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Acquitted appears arson attended barbarous Beccaria benefit of clergy blood burglary capital offences capital punishments committed condemned consequence considered convicted counterfeit crimes crimes and punishments criminal law cruelty danger degree delinquent deter dreadful edit effect Eliz England escape evil example execution fear felony forgery gibbet guilty hanged hath hope human impunity inflicted injury instance judge jury justice labour larceny legislator legislature lenity less liberty magistrate mankind Marquis of Beccaria ment mercy mind mode Montesquieu moral murder nation nature never nishment object observed occasion Old Bailey pardon penal laws penalties persons prevent principles prison proportion punished with death punishment of death reason reform reprieve robbed robbery sanguinary seems sentence sentiment severity shew society spectators statutes stealing suffer terror theft thieves thing Thoughts tion transportation trial wretches writer
Page 288 - Whoever sheds the blood of man, by man shall his blood be shed; for God made man in his own image.
Page 17 - It is a melancholy truth, that, among the variety of actions which men are daily liable to commit, no less than a hundred and sixty have been declared, by act of parliament, to be felonies without benefit of clergy ; or, in other words, to be worthy of instant death.
Page 185 - Than the soft myrtle: but man, proud man, Drest in a little brief authority, Most ignorant of what he's most assured, His glassy essence, like an angry ape, Plays such fantastic tricks before high heaven As make the angels weep; who, with our spleens, Would all themselves laugh mortal.
Page 5 - ... therefore, rarely hinders the commission of a crime, but naturally and commonly prevents its detection, and is, if we proceed only upon prudential principles, chiefly for that reason to be avoided. Whatever may be urged by casuists or politicians, the greater part of mankind, as they can never think that to pick the pocket and to pierce the heart is equally criminal, will scarcely believe that two malefactors so different in guilt can be justly doomed to the same punishment...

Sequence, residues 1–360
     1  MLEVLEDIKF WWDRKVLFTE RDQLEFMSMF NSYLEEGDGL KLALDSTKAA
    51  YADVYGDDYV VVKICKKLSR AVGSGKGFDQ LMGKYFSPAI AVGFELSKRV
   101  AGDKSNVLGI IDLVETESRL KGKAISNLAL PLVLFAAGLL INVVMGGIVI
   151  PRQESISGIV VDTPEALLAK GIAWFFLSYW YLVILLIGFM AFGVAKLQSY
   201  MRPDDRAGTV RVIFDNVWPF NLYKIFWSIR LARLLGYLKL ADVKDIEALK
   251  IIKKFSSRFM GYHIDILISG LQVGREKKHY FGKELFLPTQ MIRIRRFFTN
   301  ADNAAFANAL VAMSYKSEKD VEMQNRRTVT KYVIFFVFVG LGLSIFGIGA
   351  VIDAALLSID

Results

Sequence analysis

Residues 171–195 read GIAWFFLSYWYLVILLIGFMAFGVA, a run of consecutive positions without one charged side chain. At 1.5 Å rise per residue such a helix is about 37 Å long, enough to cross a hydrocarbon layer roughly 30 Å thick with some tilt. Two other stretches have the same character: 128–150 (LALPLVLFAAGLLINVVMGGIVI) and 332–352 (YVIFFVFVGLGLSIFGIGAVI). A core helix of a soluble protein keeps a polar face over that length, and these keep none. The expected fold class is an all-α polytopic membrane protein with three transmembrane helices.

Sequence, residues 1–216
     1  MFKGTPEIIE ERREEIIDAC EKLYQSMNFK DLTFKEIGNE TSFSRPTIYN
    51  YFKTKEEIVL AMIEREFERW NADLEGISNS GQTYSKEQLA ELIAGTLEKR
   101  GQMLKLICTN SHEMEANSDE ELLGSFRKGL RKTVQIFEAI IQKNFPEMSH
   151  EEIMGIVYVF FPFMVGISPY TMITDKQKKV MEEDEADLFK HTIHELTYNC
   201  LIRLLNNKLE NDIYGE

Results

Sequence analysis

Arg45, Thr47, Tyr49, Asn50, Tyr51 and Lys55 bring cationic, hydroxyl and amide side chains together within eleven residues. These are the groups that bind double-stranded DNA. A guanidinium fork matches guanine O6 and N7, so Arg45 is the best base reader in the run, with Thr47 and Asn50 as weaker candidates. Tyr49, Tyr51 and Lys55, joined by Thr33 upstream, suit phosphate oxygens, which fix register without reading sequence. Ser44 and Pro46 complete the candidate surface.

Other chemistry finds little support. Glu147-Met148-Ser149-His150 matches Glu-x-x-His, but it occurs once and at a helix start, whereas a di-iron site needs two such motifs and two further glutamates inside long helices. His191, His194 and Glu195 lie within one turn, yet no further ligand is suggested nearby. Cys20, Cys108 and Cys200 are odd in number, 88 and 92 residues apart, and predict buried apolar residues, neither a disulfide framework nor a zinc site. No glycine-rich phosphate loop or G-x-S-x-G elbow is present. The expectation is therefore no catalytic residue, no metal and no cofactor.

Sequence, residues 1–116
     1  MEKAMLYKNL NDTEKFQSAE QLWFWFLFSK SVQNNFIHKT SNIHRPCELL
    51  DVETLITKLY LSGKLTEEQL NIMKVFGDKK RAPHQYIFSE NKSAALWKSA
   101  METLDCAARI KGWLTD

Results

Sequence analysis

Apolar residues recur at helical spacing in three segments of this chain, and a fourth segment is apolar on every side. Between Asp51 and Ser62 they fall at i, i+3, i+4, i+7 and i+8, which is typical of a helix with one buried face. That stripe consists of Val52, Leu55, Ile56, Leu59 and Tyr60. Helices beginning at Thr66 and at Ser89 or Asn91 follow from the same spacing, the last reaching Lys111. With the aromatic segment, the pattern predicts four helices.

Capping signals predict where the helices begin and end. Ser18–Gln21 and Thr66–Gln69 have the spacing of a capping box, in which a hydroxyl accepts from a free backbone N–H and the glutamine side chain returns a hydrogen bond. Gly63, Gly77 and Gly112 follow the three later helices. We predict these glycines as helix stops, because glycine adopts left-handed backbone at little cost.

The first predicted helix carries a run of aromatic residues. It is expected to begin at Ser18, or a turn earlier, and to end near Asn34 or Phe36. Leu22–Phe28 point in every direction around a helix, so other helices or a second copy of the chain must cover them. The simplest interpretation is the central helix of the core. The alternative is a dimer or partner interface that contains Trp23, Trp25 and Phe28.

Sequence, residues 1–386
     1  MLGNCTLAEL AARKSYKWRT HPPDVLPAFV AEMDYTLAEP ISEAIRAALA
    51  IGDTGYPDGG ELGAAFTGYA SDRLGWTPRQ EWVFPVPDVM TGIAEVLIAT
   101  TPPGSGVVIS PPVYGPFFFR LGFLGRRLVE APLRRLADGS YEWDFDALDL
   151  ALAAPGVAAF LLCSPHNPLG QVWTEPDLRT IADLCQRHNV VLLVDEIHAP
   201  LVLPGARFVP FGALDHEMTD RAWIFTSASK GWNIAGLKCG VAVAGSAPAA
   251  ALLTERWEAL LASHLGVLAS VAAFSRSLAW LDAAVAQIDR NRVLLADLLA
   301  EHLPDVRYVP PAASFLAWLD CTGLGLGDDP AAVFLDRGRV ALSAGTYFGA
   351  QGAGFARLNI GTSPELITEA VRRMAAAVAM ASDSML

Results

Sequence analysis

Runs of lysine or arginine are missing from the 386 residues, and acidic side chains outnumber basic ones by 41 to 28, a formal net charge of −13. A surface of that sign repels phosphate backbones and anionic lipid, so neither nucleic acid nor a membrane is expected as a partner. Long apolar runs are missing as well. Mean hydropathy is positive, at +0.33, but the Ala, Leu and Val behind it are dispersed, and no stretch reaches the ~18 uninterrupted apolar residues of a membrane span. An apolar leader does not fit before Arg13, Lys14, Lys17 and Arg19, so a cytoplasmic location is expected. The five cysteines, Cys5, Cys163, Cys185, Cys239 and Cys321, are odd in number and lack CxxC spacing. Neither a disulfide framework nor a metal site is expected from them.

Page 119 - Wilt thou then not be afraid of the power ? Do that which is good, and thou shalt have praise of the same. For he is a minister of God to thee for good. But if thou do that which is evil, be afraid ; for he beareth not the sword in vain: for he is the minister of God, a revenger to execute wrath upon him that doeth evil.
Page 5 - He who knows not how often rigorous laws produce total impunity, and how many crimes are concealed and forgotten for fear of hurrying the offender to that state in which there is no repentance, has conversed very little with mankind.
Page 16 - If mathematical calculation could be applied to the obscure and infinite combinations of human actions, there might be a corresponding scale of punishments, descending from the greatest to the least: but it will be sufficient that the wise legislator mark the principal divisions, without disturbing the order, lest to crimes of the first degree be assigned punishments of the last.
Page 2 - The learned, the judicious, the pious Boerhaave relates that he never saw a criminal dragged to execution without asking himself: 'Who knows whether this man is not less culpable than me?' On the days when the prisons of this city are emptied into the grave let every spectator of the dreadful procession put the same question to his own heart.